Her eyes are so dark and brown...deep penetrating gaze. I can see through to her soul. My eyes have not changed. You could never mistake me from a childhood picture. Large, brown eyes, empty and sad, yet begging silently for help. No one heard.

I was strong enough to live thru that time as badly as I sometimes prayed to die. I am still alive. So, the frightened child and the frightened adult need to find a way to integrate...what do I do with this child? How can she help me now?

And how do I turn these awful images into something positive, healthy, and useful? My abuse wasn't positive, healthy, or useful, so I don't know how to do this?

I guess my first step toward working with these images would be to extend a hand to this child, but I don't want to touch her. I don't know if this makes any sense at all. oh, she is so mad at me, so hurt that I won't come get her.

Joanna,

I had a huge-for-me binge after reading this and writing my response...I don't usually binge. I feel like I could keep eating. I am trying to sit and let the feeling pass.


To readers who are triggered by this frightened child image article:

Slow and easy is the pace. If you are not ready to interact with the frightened child image, just let yourself be near her, or as close as you can bear. This is a time when I recommend that you participate in activities designed for the young. Read children's stories or watch tender and caring children’s programming on YouTube. Make pictures with crayons. Try doing that with your non dominant hand. You might see your handwriting from childhood.

Looking at the nightmare and the frightened child image this allows your experience to be more conscious. Your associations haven't reached full awareness yet, but they could come if you work with the image.

The child, which is a part of you, did not cause your pain. She received it and still holds it. You can help yourself release it by helping yourself to be safe, loved, protected and nurtured as you live now.

You do not have to find a way to turn the images into something positive. That is a cognitive, problem-solving task that will not work, just as a decision to grow up or dance well does not accomplish the goal.

What you do is decide to find your way to help her. Every kind move you make in her direction, however tiny, is part of your bridge building. And those moves make you stronger and more capable for the next.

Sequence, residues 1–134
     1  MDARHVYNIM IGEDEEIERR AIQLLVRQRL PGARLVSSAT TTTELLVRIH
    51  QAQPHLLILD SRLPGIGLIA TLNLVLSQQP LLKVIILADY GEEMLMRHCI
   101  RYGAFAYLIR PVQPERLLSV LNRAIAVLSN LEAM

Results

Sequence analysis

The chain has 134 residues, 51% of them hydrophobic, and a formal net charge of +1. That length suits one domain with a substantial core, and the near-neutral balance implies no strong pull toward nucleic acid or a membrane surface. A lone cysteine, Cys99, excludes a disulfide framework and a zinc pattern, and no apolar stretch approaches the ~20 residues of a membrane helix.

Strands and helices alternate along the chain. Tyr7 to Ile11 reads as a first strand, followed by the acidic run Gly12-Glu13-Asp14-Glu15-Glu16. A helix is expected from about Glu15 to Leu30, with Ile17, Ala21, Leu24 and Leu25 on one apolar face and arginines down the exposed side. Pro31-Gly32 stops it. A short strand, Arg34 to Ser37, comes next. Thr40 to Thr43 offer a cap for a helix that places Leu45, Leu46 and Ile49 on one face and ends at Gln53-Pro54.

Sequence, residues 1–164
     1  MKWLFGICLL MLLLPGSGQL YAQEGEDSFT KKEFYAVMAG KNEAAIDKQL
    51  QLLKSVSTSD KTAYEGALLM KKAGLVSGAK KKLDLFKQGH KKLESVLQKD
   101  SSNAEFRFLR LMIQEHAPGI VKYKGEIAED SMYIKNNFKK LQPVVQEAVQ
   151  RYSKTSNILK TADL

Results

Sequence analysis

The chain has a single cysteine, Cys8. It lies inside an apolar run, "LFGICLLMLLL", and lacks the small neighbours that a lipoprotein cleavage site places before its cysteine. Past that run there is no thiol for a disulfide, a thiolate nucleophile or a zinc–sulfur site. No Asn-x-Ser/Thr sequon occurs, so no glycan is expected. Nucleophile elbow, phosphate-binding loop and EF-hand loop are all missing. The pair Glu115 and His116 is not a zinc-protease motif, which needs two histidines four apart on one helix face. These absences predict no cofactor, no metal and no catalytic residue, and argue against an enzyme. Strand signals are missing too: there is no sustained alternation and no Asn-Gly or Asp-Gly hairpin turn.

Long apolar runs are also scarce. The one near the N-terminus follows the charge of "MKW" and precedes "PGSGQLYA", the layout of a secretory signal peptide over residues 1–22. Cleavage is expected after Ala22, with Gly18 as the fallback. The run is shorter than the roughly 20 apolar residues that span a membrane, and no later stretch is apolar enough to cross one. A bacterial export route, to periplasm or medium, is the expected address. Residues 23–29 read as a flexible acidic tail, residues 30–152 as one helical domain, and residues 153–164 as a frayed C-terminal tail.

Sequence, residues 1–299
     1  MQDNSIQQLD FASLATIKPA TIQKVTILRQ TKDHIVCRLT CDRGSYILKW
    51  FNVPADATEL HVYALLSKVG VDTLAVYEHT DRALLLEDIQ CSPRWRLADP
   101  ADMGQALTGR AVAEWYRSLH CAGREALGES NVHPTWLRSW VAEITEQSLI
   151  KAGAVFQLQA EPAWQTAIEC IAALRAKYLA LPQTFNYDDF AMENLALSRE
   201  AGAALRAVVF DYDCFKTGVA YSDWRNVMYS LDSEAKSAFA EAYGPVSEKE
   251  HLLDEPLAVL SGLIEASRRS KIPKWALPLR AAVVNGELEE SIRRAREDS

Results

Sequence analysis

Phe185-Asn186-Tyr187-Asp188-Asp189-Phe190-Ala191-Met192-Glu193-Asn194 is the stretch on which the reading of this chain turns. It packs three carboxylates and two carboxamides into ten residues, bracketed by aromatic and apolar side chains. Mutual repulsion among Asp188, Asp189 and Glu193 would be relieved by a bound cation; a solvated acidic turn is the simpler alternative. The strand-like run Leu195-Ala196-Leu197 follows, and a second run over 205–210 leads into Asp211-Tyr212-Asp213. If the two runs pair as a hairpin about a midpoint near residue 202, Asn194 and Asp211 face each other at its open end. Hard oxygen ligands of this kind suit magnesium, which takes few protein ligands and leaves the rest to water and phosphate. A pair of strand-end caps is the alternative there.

You show the frightened child image that you, with kindness and caring, are on your way to her. That's all that is needed now.

How old is the child in your image? You can find shows on YouTube designed for children that age. Backyardigans? Calliou? Little Bear? Tellytubbies? Take some time in your day to give her something that is right for her. You don't have to touch her. You can sit alongside and watch something together. It's a beginning.

 Comment: Frightened child image and inner child work, five years old and a teen.

Joanna,

Wow. All of this cuts right to the core of the work I am doing with my inner kids (there's a five-year-old and a teen). I asked my Therapist if we can color together at my session tomorrow because the little one wants to color, and the teen has rules about it and is afraid of doing something wrong. I think the little kid part is healing faster than the teen. I am getting better at holding the little one, but teens are complicated, and I don't always know what to do when she is scared. This stuff is really hard work.

frightened child image and eating disorder recovery

Comment: Frightened child image and inner child work, four and eleven year old

Joanna,


Thanks for sharing the comment about the two little girls and needing to allow each to heal. I just realized on Monday night that there is the four-year-old that is still recovering from the trauma of having a mom that was severely mentally ill (suicidal) and the eleven-year-old that became her emotional dumping ground.